A coalition of civil rights and faith groups filed a pair of federal lawsuits Monday, which challenge the newly drawn state legislative and congressional districts passed during the last special session in Montgomery earlier this month.
In a statement from the groups made Monday, the coalition cited Alabama’s “sordid history of its white majority using racial discrimination to maintain power,” and claimed the new districts deny Black residents equal opportunity to participate in the legislative process and elect candidates of their choice.
“Both the congressional and state legislative maps result from racial gerrymanders that intentionally pack and crack Black communities in the state,” the group wrote. “Which denies such communities equal protection of the laws.”
The Greater Birmingham Ministries, Alabama State Conference of the NAACP, and several individuals represented by the American Civil Liberties Union, ACLU of Alabama, NAACP Legal Defense and Educational Fund Inc., Southern Poverty Law Center, Hogan Lovells LLP, and the legal firm Wiggins, Childs, Pantazis, Fisher & Goldfarb, are plaintiffs in the federal lawsuit.
The two lawsuits request a federal court halt the implementation of the new state and congressional districts. The two lawsuits are Thomas v. Merrill and Milligan v. Merrill.
“The Legislature had opportunities to consult with experts to ensure their maps were constitutional, but instead they continued on the path that has led to decades of diluting Black voting power,” said JaTaune Bosby, executive director of the ACLU of Alabama in a statement made Monday. “Alabamians deserve better from our elected officials, but those representatives aren’t letting us have a choice, so once again, we’re fighting back in the courts to protect the rights for all.”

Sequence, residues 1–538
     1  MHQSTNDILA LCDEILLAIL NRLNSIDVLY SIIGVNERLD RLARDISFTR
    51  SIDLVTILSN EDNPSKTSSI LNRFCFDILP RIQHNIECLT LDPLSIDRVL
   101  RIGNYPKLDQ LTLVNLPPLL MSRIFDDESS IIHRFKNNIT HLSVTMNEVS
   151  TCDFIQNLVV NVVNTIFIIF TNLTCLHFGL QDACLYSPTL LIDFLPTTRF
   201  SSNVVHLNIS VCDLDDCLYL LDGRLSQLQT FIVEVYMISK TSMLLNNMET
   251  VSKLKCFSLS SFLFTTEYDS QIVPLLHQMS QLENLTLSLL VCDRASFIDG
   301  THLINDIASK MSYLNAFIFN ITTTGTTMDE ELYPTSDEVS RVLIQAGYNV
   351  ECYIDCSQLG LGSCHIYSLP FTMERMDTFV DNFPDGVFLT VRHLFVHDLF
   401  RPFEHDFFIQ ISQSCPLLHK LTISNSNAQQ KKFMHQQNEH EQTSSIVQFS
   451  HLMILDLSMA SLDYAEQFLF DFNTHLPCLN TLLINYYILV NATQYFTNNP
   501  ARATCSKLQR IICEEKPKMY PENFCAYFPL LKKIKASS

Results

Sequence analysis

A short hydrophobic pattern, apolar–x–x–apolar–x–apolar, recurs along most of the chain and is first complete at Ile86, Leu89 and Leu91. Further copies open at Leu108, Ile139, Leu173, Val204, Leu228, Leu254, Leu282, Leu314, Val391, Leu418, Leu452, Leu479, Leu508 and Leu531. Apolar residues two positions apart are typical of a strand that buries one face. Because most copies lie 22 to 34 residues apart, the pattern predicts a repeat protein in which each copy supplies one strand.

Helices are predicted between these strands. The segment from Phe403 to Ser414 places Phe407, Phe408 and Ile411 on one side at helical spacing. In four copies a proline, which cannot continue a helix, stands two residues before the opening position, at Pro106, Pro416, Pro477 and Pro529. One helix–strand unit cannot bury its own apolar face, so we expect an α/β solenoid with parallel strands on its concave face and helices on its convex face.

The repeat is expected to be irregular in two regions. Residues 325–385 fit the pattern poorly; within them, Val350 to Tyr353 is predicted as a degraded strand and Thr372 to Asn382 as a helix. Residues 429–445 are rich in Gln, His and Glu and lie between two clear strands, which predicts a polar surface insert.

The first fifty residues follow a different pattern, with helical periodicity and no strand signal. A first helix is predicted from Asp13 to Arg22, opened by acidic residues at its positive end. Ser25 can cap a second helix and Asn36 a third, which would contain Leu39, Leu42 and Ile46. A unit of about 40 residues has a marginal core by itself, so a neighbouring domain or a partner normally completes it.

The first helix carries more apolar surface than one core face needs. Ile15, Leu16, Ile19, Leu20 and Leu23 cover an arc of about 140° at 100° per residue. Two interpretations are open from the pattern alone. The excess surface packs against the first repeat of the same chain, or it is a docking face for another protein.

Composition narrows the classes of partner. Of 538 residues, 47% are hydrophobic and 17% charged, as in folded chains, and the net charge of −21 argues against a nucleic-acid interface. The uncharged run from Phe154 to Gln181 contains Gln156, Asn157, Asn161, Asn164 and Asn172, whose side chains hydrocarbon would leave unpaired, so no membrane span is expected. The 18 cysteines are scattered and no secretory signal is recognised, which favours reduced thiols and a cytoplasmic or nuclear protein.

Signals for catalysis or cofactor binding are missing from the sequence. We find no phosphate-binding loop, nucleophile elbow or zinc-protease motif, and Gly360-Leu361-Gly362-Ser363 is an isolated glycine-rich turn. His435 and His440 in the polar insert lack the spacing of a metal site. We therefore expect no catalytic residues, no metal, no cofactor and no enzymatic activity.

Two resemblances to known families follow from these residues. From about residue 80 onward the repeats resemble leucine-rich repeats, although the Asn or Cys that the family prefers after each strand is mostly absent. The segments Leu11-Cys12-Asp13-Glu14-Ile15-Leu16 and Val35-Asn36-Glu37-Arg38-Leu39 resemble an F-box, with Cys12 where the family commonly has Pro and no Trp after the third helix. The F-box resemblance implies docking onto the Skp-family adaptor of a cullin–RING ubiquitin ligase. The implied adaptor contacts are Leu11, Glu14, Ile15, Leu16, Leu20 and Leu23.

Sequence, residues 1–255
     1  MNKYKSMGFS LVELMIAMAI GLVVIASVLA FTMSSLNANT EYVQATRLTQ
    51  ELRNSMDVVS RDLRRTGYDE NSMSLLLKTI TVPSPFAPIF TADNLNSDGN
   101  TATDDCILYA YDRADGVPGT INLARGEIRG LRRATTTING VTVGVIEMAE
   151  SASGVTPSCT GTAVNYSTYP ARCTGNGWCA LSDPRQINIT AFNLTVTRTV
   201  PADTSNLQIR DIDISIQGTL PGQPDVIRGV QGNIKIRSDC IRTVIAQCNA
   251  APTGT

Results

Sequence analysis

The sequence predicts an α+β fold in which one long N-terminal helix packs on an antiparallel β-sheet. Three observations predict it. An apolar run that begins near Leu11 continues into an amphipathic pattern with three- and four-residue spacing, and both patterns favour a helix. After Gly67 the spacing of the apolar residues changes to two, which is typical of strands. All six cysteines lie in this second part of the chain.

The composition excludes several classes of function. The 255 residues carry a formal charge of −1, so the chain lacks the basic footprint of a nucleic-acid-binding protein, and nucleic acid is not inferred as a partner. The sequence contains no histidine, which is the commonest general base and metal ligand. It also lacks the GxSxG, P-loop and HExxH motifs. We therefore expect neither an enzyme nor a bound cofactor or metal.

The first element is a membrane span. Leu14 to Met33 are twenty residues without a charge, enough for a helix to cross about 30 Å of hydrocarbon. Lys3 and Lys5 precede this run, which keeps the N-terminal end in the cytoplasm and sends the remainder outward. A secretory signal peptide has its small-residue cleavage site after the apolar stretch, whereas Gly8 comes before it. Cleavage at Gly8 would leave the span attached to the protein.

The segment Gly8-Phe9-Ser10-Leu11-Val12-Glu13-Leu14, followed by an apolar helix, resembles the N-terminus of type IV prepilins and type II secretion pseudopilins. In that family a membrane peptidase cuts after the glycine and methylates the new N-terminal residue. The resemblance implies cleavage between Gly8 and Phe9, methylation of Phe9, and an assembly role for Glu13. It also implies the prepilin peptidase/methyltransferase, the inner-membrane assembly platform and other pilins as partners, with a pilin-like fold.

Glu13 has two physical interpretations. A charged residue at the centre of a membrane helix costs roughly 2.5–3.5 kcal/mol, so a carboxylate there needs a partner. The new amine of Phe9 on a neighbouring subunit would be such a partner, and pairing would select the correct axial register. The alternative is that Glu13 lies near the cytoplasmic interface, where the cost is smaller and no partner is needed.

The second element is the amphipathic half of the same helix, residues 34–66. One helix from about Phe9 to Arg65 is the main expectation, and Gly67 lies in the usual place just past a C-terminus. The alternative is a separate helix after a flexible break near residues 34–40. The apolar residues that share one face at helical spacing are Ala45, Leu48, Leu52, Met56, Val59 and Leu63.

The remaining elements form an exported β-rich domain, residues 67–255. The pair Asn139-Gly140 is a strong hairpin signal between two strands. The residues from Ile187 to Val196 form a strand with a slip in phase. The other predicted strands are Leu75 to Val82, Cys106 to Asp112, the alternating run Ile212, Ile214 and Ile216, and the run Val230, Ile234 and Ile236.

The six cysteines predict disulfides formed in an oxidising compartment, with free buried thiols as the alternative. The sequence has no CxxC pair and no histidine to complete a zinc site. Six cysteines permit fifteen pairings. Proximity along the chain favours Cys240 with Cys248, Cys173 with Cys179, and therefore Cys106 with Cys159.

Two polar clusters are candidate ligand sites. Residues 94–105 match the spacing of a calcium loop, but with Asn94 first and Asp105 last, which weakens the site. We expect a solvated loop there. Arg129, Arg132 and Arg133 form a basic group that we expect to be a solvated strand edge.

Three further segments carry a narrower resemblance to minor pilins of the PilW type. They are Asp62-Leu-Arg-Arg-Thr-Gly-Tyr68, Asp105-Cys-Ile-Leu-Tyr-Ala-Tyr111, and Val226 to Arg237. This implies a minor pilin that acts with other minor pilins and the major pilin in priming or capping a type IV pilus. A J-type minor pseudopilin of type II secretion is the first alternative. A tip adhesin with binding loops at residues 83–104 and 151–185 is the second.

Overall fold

A previous federal lawsuit, which alleged similar dilutions of Black voting strength in Alabama’s newly drawn U.S congressional districts, was filed by prominent Democratic attorney and founder of Democracy Docket Marc Elias, directly after Governor Kay Ivey signed off on the new maps Nov. 4.
Prior to the first legislative special session on prison construction and reform, Senate Minority Leader Bobby Singleton, D-Montgomery, and State Sen. Rodger Smitherman, D-Birmingham, filed a federal lawsuit to force the state to create a second majority-minority congressional district.
“These new maps weaponize race to undermine the political power of communities of color in Alabama,” said Davin Rosborough, senior staff attorney from the ACLU’s Voting Rights Project. “These maps violate the Constitution and run contrary to basic principles of fairness and representative democracy.”
The special session on redistricting produced voting districts expected to preserve Republican majorities in the Alabama Statehouse and congressional delegation. Several attempts made by Democrats to substitute the congressional districts with whole-county lines and a swing district in the Alabama 6th were thwarted by stalwart Republicans who maintained the original lines proposed for congressional districts through the legislative process.
“It is crucial that Black Alabamians have the opportunity to elect government officials we believe will best serve us,” said Benard Simelton, president of the Alabama State Conference of the NAACP. “Although no longer controlled by Section 5 of the Voting Rights Act, Alabama is still required to provide Black Alabamians that opportunity — these maps attempting to rob our state of its diversity notwithstanding. We will continue this fight for our dignity and political voice, as we long have, in the courts.”